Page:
Back in November, the kids and I had just returned from Sunday Mass. I had changed out of my church clothes, which for Beijing in the colder months means heavy layers of thermal underwear and warm pants, and was sitting on my bed, reading.
Minutes before noon, something made the bed feel as though it had suddenly turned to jello. In fact, the whole apartment shook, or rather moved very quickly as though it were riding a sinusoidal curve. The whole thing happened in less than a second, and as we remembered it, noiselessly. I braced myself for more, thinking were were experiencing an earthquake. I gripped the side of the bed, but nothing else happened right then. I was relieved it didn’t appear to be an earthquake, but what was it?
Randy, drawing on his memories from growing up around strip mining, said it reminded him of the shock aves that can still be felt far away from a dynamite blast. Since we didn’t hear anything, we wondered how big of an explosion it had to be for us to feel it, and how far away it had to be for us not to hear anything.
I checked twitter, monitoring it off and on for the next half hour. Often, when something happens, like an earthquake, I can read about it on social media before it hits any official channel. But there was nothing there. This shock wave, or whatever it was, was something it looked like only we felt.
At around 3.20, another shock pulsed through our apartment. It was less intense than the earlier one, but it was still disconcerting. Brigid immediately announced that she didn’t do it. It still was clear to us that it wasn’t an earthquake, but we continued to be unsure the source.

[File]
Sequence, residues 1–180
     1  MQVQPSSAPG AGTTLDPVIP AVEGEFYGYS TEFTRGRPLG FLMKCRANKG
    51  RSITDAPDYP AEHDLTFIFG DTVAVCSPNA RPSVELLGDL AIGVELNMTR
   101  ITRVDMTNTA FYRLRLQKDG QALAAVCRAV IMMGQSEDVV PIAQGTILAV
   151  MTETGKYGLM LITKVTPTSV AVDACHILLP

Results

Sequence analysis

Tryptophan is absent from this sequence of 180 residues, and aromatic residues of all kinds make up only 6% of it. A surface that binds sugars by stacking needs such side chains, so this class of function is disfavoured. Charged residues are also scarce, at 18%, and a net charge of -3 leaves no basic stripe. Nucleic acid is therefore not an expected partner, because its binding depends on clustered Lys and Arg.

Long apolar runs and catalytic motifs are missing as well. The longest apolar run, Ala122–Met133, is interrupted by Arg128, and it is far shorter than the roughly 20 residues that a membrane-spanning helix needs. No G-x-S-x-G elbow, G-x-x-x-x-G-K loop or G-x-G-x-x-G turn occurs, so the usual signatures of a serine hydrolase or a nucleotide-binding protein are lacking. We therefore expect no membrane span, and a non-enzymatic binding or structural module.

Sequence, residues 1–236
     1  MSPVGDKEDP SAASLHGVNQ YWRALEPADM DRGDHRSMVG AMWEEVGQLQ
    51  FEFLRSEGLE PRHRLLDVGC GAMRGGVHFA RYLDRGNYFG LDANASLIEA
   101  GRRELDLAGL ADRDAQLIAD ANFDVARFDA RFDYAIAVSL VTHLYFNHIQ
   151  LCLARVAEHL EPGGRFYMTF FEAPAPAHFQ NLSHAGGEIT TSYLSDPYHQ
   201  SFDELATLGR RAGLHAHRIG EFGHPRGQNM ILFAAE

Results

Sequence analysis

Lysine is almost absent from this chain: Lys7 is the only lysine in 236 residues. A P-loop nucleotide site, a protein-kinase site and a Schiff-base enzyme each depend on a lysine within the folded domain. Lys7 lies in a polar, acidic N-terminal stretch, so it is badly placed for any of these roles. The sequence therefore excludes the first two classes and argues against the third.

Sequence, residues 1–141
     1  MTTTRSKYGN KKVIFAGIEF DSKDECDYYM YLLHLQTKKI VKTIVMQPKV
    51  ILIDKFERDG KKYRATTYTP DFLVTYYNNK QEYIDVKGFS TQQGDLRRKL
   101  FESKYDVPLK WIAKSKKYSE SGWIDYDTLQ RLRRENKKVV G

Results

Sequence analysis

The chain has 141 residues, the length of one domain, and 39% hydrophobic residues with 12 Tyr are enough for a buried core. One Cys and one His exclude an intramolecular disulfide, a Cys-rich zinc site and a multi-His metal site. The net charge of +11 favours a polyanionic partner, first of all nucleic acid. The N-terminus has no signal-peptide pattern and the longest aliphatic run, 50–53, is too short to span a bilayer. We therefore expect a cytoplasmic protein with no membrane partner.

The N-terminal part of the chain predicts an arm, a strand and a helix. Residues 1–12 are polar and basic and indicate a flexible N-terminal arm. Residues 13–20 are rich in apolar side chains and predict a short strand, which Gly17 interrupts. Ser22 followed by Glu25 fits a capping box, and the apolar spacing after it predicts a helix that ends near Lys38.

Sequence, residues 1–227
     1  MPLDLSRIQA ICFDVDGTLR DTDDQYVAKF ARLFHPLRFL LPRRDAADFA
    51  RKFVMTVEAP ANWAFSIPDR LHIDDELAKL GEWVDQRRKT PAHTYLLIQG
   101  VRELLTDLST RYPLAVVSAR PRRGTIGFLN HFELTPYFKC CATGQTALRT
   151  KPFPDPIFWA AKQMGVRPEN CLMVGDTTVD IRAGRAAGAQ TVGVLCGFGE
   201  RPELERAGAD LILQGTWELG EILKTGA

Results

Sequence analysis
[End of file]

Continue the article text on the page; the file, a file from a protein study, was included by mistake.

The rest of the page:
The next day, Myles, Brigid, and I caught a ride with our driver friend, and I saw down the street from us a demolition site that I didn’t realize was happening. For all the time we have lived in Changping an abandoned, gutted structure has stood across the road from our park and near our current apartment building. Such a constant contrast with the shiny newness in other parts of Beijing, even in the Changping area, that I wondered why it continued to stand this long. It was now reduced to a pile of rubble.
I asked our friend to stop so I could take a better look.
"Did this happen, yesterday?" I asked him.
"Yes, didn’t you feel it?" he answered me.
"Oh yes, but I didn’t know what it was. Did they use dynamite? My husband thought it felt like dynamite?"
"No, they drilled many holes all around the bottom floor, and then just pushed it over!" He pantomimed drilling for my benefit.
"They just pushed it over? That’s possible?"
Our friend laughed, "Yes, yes it is."
To review, this is what the building looked like:
And this is what it looked like after they pushed it over.
I have to admit I will miss that old empty eyesore. It stood quite a long time, almost as an act of defiance against the shiny newness that gets all the attention around here.
Jennifer Ambrose hails from Western Pennsylvania and misses it terribly. She still maintains an intense devotion to the Pittsburgh Steelers. She has lived in China since 2006 and is currently an at-home mother. With her husband Randy and children Myles and Brigid, she resides outside the Sixth Ring Road in Changping, northwest of Beijing.
Photos: Jennifer Ambrose